. i'm bob abernethy. it's good to have you with us. faith-based and international aid groups rushed to help victims of the catastrophes in japan. it's estimated that more than 10,000 people were killed by the massive earthquake and tsunami. japanese officials say more than 450,000 are homeless and in need of supplies. humanitarian efforts, however, have been severely complicated by radiation from four of the country's nuclear reactors. we get more from dave toycen, the president and chief executive officer of the christian aid group, world vision canada. we spoke to him by phone from tokyo on friday night. dave, thanks so much for staying upo late to talk to us. are you and the others doing relief work there, are you able to get to all the people who need help? and do you have the supplies you need to help them? >> well, basically we do. we're anticipating we'll be raising somewhere between $10 million and $20 million. so our team here has already spent, you know, a chunk of that because they know it's coming. but of course, we believe we're gonna be able to raise that amount of mon
says it will be hosting a summit in london next week. progress on the u.s. mandate intervention in libya. the u.s. military said there is no indication that coalition air strikes resulted in any civilian casualties. wednesday night, sites again or targeted in the capital of tripoli. bobby gaddafi -- gaddafi's tanks in israel were hit. schelling's have resumed. >> a propaganda war is also being waged in libya. brandishing, a presenter on libyan state television pledged to give his last breath for libyan leader gaddafi. state television also broadcast images of gaddafi's supporters staging demonstrations and gaddafi himself making a brief public appearance for the first time in days. speaking from his compound, gaddafi pledged victo, denouncinghat he called the unjustified aggression of crusader nations. although the united nations- backed strike had forced his troops to retreat, battles are still waiting on the ground. rebels and regime forces are still fighting for control in eastern libya, where thehave been engaged in a standoff for days. the u.s. president says intervention w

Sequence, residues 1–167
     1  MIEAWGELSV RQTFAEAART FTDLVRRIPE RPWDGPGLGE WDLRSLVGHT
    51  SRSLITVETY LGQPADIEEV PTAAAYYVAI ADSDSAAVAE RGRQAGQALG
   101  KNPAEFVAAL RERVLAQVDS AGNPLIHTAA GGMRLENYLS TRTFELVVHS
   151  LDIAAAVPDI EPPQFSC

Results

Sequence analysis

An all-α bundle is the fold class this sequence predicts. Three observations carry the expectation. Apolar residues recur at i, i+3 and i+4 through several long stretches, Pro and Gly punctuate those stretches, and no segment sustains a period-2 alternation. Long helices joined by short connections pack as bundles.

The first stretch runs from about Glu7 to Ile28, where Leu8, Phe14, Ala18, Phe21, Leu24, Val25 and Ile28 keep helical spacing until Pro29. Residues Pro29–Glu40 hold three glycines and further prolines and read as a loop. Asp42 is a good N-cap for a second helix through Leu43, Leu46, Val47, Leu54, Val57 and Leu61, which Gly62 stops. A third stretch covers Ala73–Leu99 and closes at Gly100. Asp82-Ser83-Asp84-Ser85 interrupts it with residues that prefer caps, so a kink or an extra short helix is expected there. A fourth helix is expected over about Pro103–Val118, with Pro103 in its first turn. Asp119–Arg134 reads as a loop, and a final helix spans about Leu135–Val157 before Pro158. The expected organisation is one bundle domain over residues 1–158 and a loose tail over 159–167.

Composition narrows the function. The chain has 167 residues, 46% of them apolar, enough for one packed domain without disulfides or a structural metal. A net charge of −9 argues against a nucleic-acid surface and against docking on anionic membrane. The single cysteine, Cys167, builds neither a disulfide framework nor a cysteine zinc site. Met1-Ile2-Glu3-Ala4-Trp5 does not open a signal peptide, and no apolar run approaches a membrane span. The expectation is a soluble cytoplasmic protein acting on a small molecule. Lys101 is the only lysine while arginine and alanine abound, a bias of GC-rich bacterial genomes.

bush. in a statement today, president obama said buckles' life "reminds us of the true meaning of patriotism." those are some of the day's major stories. now, back to jeff. >> brown: the threat of a government shutdown appears to have eased for now as a republican-backed proposal picked up some democratic support. newshour congressional correspondent kwame holman has our update. >> reporter: with current funding for federal operations set to run out at midnight friday, congressional leaders seemed to be coalescing around a short term measure that would avert a shutdown. the proposal released friday by house republicans would keep the government running another two weeks but would cut $4 billion in spending. including $2.7 billion from nearly 50 earmarks spending directed by lawmakers to home state projects. $650 million in federal highway funds and $368 million spread across four department of education programs. congressional democrats initially balked at the new republican proposal, but some warmed to it once it became clear reductions would come from cuts already included in
makers. >> in man who shot two u.s. servicemen was acting alone in frankfurt. captioned by the national captioning institute --www.ncicap.org-- >> muammar gaddafi's forces are fighting rebels on several fronts. in the west security forces launched an offensive to retake one town. in tripoli, protesters took to the streets calling for the end of muammar gaddafi's rule. there have been no reports of injuries. heavily armed rebels clashed with muammar gaddafi's fors elsewhere. the head of the rebel council says the fighting will not stop until the opposition liberates the entire country. the rebels are preparing to march on tripoli. >> rebels under fire from khadafi = = -- gaddafi loyalists. this man screams he wants to murder his own people. this is the site of a key oil terminal. rebels fired a sustained brian shaw of artillery in an attempt to overrun a military base. fighting was also reported 200 kilometers to the east. loyalist forces are taking a position outside one city. rebels are manning anti-aircraft guns around the clock. >> we have had enough. we want progress and not a corru